Have seen all sorts of crazy ways to cut down the stiffeners; however I simply used a pair of straight tin ships -- the old kind, without serrated blades. Don't forget to cut the butt end of the stiffeners at an angle (not square), in order that they won't interfere with the rudder spar when assembled.
It is hard to believe, but what you see in the photos below represents over 4 hours of work. Lot of that is belt sander and debur work on the edges. I went backs over each piece to make certain that the taper has a clean and straight run.
Time: 4 hours
Tuesday, July 27, 2010
Carpeted tables are nice and scratch free -- until little bits of aluminum get embedded in the carpet. I tried using a vacuum from the shop; take my advice and steal the family upright when you are not being watched. It was actually meant to clean junk out of carpet.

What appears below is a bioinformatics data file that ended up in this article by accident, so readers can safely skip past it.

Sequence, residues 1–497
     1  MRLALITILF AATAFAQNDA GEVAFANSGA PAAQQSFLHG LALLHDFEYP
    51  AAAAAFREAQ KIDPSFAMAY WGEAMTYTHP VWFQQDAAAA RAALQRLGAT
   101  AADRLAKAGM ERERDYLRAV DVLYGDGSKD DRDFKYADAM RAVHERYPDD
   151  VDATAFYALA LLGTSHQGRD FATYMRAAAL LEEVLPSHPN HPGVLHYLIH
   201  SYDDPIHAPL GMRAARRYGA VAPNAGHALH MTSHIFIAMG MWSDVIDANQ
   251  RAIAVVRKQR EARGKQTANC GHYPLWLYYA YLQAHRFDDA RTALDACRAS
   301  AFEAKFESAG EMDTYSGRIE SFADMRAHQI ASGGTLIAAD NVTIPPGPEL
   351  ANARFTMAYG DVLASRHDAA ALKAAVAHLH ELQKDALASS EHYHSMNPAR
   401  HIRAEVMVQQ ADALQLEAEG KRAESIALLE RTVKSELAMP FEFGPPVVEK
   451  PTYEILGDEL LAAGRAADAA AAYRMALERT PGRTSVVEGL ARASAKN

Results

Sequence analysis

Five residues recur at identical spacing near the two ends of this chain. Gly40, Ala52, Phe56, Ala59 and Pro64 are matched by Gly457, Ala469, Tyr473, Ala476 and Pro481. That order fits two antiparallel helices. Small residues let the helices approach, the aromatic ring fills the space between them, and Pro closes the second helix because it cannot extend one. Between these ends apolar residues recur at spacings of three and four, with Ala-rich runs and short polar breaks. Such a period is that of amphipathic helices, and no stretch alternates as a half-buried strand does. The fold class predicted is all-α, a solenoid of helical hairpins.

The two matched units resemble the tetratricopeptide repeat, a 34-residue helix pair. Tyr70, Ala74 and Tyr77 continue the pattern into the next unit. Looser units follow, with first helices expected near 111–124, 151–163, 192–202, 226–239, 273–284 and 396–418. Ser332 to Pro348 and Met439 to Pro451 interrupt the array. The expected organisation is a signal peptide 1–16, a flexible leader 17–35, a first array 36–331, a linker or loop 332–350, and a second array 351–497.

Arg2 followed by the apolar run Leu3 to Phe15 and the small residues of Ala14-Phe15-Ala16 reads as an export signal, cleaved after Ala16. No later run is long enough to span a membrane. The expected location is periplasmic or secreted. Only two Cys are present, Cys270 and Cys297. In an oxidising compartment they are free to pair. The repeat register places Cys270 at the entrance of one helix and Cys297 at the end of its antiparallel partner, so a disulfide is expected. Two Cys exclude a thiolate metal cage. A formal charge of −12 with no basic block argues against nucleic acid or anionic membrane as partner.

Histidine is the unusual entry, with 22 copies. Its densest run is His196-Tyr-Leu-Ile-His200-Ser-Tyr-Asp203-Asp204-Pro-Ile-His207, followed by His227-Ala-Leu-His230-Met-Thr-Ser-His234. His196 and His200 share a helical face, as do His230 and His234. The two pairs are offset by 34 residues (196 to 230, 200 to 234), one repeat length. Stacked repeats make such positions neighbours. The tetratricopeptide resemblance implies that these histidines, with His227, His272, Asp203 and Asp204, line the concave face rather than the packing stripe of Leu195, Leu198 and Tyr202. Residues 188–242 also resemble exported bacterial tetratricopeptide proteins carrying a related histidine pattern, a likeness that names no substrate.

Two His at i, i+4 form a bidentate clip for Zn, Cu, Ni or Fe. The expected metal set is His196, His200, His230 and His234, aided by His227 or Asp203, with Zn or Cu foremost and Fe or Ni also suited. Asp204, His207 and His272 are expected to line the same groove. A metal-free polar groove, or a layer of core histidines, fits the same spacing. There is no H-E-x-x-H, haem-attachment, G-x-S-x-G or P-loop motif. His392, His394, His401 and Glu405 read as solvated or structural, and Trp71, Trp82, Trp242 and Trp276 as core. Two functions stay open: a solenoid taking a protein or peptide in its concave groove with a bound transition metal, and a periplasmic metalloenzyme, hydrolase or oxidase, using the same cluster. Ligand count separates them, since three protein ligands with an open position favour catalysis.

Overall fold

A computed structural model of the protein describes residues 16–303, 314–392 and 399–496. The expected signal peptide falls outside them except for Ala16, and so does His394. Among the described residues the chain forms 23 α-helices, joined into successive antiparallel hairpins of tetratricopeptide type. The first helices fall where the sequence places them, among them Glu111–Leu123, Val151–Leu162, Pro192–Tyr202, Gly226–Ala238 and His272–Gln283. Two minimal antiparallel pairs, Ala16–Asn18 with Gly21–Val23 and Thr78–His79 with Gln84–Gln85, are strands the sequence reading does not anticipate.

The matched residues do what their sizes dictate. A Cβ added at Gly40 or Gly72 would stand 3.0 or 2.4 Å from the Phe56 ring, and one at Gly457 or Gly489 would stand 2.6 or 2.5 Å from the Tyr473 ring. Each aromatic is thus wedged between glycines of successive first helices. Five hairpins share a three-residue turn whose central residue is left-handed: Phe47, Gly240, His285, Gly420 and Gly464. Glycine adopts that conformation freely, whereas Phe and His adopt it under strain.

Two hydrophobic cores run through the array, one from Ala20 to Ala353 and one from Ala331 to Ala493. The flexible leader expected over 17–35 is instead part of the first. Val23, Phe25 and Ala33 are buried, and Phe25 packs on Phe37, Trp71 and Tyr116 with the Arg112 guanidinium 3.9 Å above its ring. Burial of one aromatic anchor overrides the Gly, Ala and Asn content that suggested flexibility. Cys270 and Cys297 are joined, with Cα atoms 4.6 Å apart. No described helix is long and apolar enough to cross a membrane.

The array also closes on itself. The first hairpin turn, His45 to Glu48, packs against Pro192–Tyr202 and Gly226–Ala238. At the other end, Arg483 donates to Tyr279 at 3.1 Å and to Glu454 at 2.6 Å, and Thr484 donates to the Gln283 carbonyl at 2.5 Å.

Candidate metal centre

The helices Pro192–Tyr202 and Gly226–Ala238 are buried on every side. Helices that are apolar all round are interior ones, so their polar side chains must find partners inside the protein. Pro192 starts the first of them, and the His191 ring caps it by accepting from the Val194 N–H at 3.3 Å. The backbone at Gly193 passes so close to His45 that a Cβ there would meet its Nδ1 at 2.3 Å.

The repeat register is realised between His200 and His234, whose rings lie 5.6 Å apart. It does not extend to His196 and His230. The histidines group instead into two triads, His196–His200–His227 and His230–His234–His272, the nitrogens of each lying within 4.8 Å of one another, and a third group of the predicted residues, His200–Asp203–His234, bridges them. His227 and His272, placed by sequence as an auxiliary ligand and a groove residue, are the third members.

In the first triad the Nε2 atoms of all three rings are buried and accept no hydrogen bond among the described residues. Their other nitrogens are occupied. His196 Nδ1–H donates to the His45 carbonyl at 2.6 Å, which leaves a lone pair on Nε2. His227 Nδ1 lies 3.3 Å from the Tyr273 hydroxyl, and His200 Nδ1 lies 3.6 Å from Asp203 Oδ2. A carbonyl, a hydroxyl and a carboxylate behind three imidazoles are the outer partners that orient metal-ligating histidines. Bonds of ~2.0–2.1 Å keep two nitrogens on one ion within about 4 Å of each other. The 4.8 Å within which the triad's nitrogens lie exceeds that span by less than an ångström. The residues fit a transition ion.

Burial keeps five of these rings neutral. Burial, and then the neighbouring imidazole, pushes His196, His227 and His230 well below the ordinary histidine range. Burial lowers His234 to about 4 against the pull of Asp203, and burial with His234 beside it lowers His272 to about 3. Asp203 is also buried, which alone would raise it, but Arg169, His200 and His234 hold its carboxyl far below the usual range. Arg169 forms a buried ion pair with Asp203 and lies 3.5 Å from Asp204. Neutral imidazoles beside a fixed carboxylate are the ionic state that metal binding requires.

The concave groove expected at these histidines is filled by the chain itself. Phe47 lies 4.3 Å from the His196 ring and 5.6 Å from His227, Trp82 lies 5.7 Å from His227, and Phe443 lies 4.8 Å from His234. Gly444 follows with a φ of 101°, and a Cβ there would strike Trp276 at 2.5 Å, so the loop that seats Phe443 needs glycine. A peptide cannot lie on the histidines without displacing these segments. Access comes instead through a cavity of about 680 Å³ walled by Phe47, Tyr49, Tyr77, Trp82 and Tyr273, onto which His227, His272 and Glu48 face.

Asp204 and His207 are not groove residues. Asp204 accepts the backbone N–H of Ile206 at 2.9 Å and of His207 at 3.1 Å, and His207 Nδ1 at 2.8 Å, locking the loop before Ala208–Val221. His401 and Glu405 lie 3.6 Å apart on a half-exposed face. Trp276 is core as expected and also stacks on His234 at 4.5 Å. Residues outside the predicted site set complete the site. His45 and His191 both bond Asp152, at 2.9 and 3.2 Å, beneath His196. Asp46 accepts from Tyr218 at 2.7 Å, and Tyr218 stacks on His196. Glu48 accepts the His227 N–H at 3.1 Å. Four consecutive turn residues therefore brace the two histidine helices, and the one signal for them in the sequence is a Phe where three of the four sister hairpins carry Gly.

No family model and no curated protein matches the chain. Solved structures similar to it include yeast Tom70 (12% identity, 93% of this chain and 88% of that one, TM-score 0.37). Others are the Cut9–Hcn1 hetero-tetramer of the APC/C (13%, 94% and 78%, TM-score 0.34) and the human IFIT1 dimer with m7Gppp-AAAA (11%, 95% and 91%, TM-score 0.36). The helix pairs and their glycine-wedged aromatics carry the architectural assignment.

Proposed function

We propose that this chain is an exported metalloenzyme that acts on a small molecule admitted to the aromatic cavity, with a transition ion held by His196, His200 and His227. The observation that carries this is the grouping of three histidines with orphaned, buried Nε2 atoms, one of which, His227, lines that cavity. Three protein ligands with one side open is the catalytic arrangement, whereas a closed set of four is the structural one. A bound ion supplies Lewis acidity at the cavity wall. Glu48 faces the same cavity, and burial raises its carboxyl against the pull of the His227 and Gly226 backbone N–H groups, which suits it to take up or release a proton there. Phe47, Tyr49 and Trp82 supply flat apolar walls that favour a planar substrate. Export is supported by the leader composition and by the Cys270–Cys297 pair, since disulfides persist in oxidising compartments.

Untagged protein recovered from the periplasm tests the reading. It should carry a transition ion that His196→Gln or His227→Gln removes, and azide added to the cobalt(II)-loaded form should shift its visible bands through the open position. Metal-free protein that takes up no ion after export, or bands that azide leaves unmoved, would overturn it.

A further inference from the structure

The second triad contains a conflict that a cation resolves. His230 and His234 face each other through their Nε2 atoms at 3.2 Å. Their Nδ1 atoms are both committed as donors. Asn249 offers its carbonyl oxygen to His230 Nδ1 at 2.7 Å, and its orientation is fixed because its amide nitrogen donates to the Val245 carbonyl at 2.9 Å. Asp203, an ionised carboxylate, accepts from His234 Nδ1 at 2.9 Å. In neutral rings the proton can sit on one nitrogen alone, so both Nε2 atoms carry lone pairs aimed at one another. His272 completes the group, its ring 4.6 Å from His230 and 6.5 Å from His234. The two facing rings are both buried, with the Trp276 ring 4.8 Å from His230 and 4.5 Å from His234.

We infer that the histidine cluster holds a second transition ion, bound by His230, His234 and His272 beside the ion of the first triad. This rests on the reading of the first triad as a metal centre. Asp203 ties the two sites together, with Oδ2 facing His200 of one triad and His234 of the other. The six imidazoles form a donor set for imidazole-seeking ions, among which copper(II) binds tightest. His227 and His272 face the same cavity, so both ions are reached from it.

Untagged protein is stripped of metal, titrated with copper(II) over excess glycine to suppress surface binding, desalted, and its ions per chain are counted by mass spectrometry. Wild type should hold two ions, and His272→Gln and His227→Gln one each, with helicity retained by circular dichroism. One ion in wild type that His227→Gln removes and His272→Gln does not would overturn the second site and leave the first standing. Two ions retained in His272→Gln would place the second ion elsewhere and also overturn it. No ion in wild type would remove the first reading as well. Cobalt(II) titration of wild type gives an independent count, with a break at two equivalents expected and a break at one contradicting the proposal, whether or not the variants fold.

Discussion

Still in pain with this pinched nerve, so that's all for tonight.
Time: 1 hour
Sunday, July 25, 2010
Finished the stab today, but not before making the same mistake that I've heard about others making. Connected the rivet gun to the high-pressure hose, which bent and beat things up -- you can sort of see the damage in the close-up photo below.
Time: 5 Hours
Saturday, July 24, 2010
Friday, July 23, 2010
Some of the rivets in the rear spar for the vertical stabilizer are "tipped", and the working theory is that 1/8" rivets are too much for a 4" yoke on the squeezer, so the yoke is flexing. So I installed a smaller yoke, drilled our about 15 rivets, and replaced them. Some of them twice. (That's the "you shouldn't do this on a Friday night" effect.)
The photo below shows one of these rivets. This particular one is waiting for my attention tomorrow. So not done -- more of this drill and replace coming up...
Time: 1 Hour
Sunday, July 11, 2010